Gov. Matt Bevin doesn’t have enough support among lawmakers to justify calling them back for a special session on a pension-relief measure he vetoed, a powerful state legislator said Monday.
“We’ve told the governor, ‘please don’t call us back in until you have those votes,'” state Sen. Damon Thayer, R-Georgetown, told the Courier Journal in an interview.
Bevin, a Republican, stunned the GOP-controlled legislature when he unexpectedly blocked House Bill 358, which would have given regional universities, local health departments and other quasi-governmental agencies relief from the huge spike in pension costs they face July 1.
Those agencies now face drastic cutbacks, including closure of some health departments and other agencies that provide safety net services to Kentuckians.
“Frankly, right now, I think there’s a chance we don’t have a special session and we come back and deal with this in January,” said Thayer, who is the Senate floor leader.
“If the House can’t get the votes, I think there’s a chance. I don’t want to see that happen but there’s a part of me that says, maybe this needs to happen and have a very difficult six months for some of these agencies so people can understand this really is a crisis.”
Rep. Jerry T. Miller, an Eastwood Republican who chairs the House State Government Committee which considers pension bills, said he also suspects sufficient House votes are not in hand.
“I don’t know for sure, but apparently it’s not close enough to pass the bill right now. If it were close, I would be hearing more definitive talk about the session is starting tomorrow, or within the next couple days,” Miller said.
Republicans hold a 61-39 majority in the House.
Thayer had previously criticized Bevin’s decision to veto the legislation, and emphasized again in the interview that lawmakers could have explained to the governor why the measure was adequate.
But he said Monday that Bevin deserves credit for coming up with a plan that regional university presidents have said they support.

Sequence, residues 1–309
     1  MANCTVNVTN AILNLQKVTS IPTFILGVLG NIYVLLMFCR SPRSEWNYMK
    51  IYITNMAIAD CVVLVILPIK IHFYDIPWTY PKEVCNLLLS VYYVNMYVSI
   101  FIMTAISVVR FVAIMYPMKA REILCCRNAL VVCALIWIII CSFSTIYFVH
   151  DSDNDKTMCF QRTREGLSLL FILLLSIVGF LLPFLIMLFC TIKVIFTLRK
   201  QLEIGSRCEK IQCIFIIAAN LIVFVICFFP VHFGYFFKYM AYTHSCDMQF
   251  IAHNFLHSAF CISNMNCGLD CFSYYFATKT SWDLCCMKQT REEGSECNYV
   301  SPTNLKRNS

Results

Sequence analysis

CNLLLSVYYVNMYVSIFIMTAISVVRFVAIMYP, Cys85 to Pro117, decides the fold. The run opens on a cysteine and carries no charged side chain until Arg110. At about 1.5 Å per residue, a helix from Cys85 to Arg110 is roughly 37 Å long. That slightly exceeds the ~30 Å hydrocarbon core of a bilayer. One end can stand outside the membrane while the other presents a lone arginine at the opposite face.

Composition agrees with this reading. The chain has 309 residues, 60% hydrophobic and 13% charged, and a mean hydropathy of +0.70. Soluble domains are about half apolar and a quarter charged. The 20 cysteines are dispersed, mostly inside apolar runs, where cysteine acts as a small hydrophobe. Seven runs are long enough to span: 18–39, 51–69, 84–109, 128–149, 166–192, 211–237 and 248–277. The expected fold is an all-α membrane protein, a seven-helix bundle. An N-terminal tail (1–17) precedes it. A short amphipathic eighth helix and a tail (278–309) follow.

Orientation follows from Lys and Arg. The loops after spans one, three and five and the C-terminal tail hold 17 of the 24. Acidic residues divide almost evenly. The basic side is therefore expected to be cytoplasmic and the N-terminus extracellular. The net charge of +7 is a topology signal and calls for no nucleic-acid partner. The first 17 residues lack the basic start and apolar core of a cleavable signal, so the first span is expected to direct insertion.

Thayer said it would be better for Kentucky leaders to get the relief measure passed before June 1, when many public universities begin to present their budgets.
Regional universities, health departments and other such agencies that are part of the state’s public pension system are facing a crisis because of more conservative assumptions for investment returns and payroll growth made by Kentucky Retirement Systems trustees in 2017. That caused their required contributions to skyrocket.
Others affected include mental health agencies, rape crisis centers and domestic violence shelters. The University of Louisville and University of Kentucky have their own pension plans and are not affected.
While state government started paying the higher rate last year, the General Assembly gave the quasi-governmental groups a one-year delay, and this year those groups came back pleading for at least one more year-long reprieve.
The result was HB 358, a bill that passed on the 2019 session’s final night, March 28. It would have granted the one-year delay. Bevin vetoed the bill.
If Bevin, who is seeking re-election this year, calls a special session, which costs taxpayers about $66,434 a day, it would represent his second such pension-related effort in four months.
A week before Christmas, the governor called legislators back in hopes of enacting a new bill three days after the Kentucky Supreme Court struck down a broader pension proposal, Senate Bill 151, on procedural grounds in a unanimous opinion.
Republican lawmakers rebelled against Bevin by ending that special session less than 24 hours after the he summoned them to Frankfort, saying they couldn’t reach an agreement without more time to review the proposal in advance and discuss it.
Thayer dismissed worries when asked if another failed session could hurt Bevin ahead of the Republican primary. The governor is facing three opponents, including state Rep. Robert Goforth, R-East Bernstadt, in that election.
“I don’t think he’s going to call us in unless we have the votes,” Thayer said. “This governor plays the political calculation less than anyone else I’ve ever worked with.”
Reporters Deborah Yetter and Tom Loftus contributed to this story. Reporter Phillip M. Bailey can be reached at 502-582-4475 or email@example.com. Support strong local journalism by subscribing today: courier-journal.com/philb.